Page 147 - Jewish Book Annual Volume 54

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Barry W.
A Lifetime of Reading
Holtz
Soon after the
Jewish Book Annual
asked
me to contribute a life-time reading plan for Jewish literature, I be­
gan to wonder about that very phrase, “lifetime reading plan.” Ev­
ery word in that simple formulation, in fact, suddenly seemed to
echo with questions. In what sense was Jewish “reading” reading at
all? Was there such a thing as a reading “plan” in our tradition?
And how does reading fit into the “lifetime” of the individual Jew?
These are not simple matters and quite rapidly that little innocu­
ous phrase had wormed itself into my mind and began to raise
questions.
Take “plan” to begin with. Let us suppose that I have decided to
master a particular field, any field. For my own curiosity, I want to
learn everything I can possibly learn about, say, computers. I can
begin to map a program of learning for myself. I can consult some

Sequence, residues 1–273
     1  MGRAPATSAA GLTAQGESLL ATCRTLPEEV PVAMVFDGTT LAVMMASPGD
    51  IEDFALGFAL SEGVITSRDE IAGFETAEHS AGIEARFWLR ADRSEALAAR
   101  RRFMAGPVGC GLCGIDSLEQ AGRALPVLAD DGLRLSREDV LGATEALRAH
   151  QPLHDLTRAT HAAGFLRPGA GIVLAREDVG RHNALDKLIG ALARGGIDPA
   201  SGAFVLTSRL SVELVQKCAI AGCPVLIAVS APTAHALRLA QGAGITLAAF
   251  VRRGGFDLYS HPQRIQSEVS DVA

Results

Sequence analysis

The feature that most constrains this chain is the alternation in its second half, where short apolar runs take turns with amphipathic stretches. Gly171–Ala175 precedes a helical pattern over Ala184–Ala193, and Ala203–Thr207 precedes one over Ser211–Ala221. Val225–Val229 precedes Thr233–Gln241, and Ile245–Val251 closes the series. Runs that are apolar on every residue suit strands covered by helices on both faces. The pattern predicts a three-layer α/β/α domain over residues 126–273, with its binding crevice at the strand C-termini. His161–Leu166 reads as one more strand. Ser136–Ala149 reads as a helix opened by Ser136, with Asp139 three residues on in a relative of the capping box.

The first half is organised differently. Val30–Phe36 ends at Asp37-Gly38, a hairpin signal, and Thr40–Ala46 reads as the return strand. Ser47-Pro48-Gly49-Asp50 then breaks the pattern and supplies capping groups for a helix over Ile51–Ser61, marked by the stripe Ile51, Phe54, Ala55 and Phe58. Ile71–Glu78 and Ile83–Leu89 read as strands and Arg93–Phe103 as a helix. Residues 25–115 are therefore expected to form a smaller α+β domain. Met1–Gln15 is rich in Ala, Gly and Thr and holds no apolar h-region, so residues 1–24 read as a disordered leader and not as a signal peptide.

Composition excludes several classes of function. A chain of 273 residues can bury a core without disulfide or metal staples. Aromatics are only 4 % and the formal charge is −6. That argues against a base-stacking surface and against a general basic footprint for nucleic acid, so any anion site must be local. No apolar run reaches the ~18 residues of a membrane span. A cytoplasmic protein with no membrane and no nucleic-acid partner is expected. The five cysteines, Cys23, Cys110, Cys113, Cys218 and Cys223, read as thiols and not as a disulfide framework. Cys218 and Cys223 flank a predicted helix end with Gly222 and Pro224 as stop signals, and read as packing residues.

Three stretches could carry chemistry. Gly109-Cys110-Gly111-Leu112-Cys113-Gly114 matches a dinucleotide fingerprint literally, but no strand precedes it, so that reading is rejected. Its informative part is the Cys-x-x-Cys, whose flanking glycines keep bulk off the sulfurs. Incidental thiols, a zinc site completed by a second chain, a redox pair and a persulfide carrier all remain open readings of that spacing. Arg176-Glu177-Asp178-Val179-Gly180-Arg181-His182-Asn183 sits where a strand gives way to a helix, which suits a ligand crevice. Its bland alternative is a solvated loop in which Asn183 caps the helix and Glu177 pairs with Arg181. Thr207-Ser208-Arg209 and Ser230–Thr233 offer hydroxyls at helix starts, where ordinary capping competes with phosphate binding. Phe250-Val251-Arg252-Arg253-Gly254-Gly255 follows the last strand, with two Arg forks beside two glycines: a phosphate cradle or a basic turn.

basic popular books about computers and begin to get a sense of
the dimensions of the field; I can follow those simple books to
more complex investigations; I can use the bibliographies that I
find in some books to build other bibliographies. I will soon get an
idea about the aspects of computers that interest me and those that
do not—I might want to learn about programming, but not about
microchips. And with intelligence and diligence I will get as far as
my abilities will take me. I create a plan; probably not a lifetime
plan, but who knows? I can spend as long on it as I like.
Is this what we mean by a lifetime reading plan in Judaism? Is it
mastery? Is it “covering material,” as teachers sometimes like to
say? A reading plan, as I have implied, suggests an important no­
tion: you read one thing, master it, finish it, and then you move on
to the next thing. This is not a surprising idea. Most of Western
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